Nuclear Denial

Suan Q. Stranahan
Mother Jones
January 24, 2002

Security requirements for plants like Pennsylvania’s Three Mile Island have barely changed since the 1970s. About 6 p.m. on October 17, five weeks after the World Trade Center and Pentagon attacks, officials at the federal Nuclear Regulatory Commission (NRC) telephoned the control room at the Three Mile Island nuclear plant near Harrisburg, Pennsylvania, with some chilling information. The intelligence community had intercepted a “credible” threat against the reactor.

As it happened, the plant was in a particularly vulnerable stage of its operating cycle: It had been shut down for refueling and the massive steel cover of the reactor vessel-the final barrier protecting the highly radioactive fuel core-was open. Spent fuel was being moved to a warehouse far less secure than the reactor itself, and hundreds of temporary contractors were swarming about the plant.

While plant operators scrambled to secure the sprawling facility, state and federal law enforcement officials raced to the island. Two nearby airports were ordered shut down and military aircraft were sent aloft to patrol.

By the next morning, the threat was reassessed and deemed “noncredible.” The alert was canceled. Still, the event marked a watershed. For the first time, the nuclear industry had been forced to confront a fact it has actively denied since its earliest days-that its reactors are highly vulnerable to terrorist acts.

For more than 20 years, government auditors and independent watchdogs have warned that an attack resulting in a massive release of radiation could cause tens of thousands of casualties and billions in property damage. Yet despite evidence of widespread security problems at the nation’s nuclear plants, operators and the NRC have downplayed the risk. “The nuclear industry and regulators have engaged in a long process of denial,” says Paul L. Leventhal, president of the Nuclear Control Institute, a Washington public-interest organization.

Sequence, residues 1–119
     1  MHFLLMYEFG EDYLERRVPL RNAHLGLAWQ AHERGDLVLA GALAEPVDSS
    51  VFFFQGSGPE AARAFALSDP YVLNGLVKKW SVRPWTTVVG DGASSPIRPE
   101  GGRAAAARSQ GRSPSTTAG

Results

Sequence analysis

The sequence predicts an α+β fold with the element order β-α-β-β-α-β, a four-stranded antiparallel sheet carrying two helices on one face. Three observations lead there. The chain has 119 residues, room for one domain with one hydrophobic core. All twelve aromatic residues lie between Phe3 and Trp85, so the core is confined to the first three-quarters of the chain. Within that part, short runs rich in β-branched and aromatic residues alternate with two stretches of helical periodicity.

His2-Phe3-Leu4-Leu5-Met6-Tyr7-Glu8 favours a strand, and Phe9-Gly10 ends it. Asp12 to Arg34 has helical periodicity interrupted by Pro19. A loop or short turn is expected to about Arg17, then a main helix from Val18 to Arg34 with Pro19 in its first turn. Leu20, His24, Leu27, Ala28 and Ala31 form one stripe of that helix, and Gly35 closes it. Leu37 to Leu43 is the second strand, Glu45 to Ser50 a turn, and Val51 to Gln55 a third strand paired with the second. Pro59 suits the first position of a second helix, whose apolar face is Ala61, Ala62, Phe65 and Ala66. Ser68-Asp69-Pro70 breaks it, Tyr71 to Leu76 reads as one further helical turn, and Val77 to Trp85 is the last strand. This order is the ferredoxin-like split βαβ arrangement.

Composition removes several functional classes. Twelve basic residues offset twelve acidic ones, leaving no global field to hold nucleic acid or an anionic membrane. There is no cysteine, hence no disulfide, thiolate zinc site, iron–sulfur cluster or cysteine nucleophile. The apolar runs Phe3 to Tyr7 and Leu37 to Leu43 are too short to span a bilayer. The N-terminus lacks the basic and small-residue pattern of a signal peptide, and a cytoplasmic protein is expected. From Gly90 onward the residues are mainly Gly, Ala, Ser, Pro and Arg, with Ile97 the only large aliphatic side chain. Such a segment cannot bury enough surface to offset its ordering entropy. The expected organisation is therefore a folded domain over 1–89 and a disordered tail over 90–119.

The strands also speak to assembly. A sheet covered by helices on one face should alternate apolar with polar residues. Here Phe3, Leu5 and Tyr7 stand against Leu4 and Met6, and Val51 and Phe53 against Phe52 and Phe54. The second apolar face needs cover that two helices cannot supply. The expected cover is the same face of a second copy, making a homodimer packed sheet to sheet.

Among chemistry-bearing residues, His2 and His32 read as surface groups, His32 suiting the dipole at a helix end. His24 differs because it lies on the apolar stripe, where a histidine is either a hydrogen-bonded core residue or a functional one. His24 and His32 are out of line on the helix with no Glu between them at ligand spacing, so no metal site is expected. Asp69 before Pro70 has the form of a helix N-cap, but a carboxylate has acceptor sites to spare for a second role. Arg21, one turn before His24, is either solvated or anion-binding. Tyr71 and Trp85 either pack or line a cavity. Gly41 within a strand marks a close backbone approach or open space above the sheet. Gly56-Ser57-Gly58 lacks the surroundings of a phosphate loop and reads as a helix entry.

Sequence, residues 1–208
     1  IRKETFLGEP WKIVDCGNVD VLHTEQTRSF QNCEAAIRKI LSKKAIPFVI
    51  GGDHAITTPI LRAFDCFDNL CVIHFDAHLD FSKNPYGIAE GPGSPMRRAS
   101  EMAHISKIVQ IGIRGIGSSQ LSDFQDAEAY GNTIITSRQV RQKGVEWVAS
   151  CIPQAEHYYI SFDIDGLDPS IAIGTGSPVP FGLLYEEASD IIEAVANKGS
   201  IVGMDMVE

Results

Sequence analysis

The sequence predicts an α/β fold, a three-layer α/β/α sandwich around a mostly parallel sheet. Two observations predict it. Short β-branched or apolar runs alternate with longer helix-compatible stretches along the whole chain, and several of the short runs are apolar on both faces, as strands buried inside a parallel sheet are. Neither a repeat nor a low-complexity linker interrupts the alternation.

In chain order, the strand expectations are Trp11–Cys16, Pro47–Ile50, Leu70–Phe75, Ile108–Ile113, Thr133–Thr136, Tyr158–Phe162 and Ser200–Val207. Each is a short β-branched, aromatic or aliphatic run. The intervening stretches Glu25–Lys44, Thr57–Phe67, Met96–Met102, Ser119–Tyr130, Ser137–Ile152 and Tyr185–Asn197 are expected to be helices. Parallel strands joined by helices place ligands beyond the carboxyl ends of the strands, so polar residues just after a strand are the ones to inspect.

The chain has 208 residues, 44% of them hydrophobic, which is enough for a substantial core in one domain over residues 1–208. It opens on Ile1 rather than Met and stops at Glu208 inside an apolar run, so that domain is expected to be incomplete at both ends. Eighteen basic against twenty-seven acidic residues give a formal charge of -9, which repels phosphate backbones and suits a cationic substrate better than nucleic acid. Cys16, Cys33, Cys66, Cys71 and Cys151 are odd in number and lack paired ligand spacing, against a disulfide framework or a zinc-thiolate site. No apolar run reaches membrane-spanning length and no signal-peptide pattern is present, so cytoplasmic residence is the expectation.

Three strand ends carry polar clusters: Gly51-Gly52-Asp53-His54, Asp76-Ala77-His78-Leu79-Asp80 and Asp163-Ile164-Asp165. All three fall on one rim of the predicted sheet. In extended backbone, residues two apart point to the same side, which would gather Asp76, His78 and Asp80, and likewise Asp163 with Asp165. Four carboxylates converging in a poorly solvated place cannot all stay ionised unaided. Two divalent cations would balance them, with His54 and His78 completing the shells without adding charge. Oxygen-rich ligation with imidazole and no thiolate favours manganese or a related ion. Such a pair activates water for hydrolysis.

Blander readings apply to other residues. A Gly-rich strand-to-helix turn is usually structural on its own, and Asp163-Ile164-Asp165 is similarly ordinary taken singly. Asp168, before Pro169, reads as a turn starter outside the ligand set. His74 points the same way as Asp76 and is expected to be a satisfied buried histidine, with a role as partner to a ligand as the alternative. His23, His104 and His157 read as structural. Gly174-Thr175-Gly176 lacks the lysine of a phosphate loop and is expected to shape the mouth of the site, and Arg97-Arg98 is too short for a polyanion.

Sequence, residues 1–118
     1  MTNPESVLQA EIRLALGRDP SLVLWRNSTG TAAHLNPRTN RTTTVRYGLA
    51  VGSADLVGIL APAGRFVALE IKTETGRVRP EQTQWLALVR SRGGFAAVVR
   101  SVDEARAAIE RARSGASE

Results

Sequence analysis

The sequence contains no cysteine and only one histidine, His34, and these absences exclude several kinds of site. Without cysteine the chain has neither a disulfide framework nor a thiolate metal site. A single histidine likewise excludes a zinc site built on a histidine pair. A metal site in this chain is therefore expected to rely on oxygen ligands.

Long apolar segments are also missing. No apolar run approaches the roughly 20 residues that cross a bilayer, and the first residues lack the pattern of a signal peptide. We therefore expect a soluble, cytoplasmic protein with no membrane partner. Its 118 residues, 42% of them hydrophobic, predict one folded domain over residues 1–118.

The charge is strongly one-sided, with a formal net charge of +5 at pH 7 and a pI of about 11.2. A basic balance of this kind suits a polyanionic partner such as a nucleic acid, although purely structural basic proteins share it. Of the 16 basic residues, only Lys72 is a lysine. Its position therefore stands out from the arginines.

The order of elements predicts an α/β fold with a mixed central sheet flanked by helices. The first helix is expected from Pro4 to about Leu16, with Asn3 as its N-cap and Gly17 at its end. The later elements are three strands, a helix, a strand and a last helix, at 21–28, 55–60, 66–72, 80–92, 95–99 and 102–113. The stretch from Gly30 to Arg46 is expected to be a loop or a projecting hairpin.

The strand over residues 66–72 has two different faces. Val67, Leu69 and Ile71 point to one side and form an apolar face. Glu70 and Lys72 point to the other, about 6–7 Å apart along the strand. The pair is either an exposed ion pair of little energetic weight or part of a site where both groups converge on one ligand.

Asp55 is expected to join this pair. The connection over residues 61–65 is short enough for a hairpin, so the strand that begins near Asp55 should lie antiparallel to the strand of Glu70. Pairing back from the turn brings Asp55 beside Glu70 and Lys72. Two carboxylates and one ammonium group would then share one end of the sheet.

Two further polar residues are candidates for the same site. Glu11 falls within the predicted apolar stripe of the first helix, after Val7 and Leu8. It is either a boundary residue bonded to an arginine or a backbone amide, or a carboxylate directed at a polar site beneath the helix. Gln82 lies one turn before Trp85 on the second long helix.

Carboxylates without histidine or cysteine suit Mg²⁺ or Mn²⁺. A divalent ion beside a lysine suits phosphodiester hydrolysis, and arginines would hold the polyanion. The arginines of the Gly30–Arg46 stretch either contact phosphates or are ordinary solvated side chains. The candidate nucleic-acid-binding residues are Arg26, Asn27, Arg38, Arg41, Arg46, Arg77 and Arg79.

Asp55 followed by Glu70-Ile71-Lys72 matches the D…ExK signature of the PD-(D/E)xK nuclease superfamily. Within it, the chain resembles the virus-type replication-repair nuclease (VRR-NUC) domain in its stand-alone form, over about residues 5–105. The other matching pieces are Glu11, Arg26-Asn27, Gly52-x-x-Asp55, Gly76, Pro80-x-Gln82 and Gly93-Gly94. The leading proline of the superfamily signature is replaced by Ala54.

Within hours of the September 11 attacks, utility officials were telling the public that reactor buildings could withstand the crash of a fully loaded jetliner. Less than two weeks later, the NRC announced that plant designers had, in fact, not “specifically contemplated attacks by aircraft such as Boeing 757s and 767s.” Industry representatives and the NRC ignored suggestions that National Guard troops and antiaircraft weaponry be dispatched to nuclear plants (though the governors of at least eight states have since independently ordered Guard troops to reactors). The Nuclear Energy Institute, an industry lobbying group, assured Americans that “each nuclear plant has a well-armed security force trained to defend against armed assaults and acts of sabotage.”

In fact, the industry’s security record is anything but reassuring. As far back as 1977-two years before the near-meltdown accident at Three Mile Island-the General Accounting Office noted that protection against sabotage at nuclear plants was “at best inadequate.”

NRC documents also show a long history of security lapses at reactors. At one nuclear plant, inspectors found the entry code taped up next to a door buzzer; at others, records were falsified and unauthorized personnel had access to off-limits areas. Perhaps most remarkable, in federal tests designed to assess terrorism preparedness, guards at nuclear plant sites have failed to repel pretend saboteurs almost half the time.